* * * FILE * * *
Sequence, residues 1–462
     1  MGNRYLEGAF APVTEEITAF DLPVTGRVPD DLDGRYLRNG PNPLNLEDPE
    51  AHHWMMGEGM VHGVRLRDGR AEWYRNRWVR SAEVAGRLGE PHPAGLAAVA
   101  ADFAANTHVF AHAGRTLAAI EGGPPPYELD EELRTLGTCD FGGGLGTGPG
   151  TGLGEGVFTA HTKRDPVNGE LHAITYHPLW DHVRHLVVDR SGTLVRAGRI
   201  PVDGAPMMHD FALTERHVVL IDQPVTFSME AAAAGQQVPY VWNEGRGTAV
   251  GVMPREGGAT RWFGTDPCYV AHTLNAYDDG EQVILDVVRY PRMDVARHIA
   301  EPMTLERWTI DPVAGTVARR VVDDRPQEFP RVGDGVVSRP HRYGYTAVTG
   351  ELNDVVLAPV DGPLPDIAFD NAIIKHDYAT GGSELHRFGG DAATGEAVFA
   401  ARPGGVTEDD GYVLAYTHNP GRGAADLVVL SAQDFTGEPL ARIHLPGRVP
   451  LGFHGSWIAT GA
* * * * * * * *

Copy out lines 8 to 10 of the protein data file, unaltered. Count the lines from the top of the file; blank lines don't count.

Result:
   301  EPMTLERWTI DPVAGTVARR VVDDRPQEFP RVGDGVVSRP HRYGYTAVTG
   351  ELNDVVLAPV DGPLPDIAFD NAIIKHDYAT GGSELHRFGG DAATGEAVFA
   401  ARPGGVTEDD GYVLAYTHNP GRGAADLVVL SAQDFTGEPL ARIHLPGRVP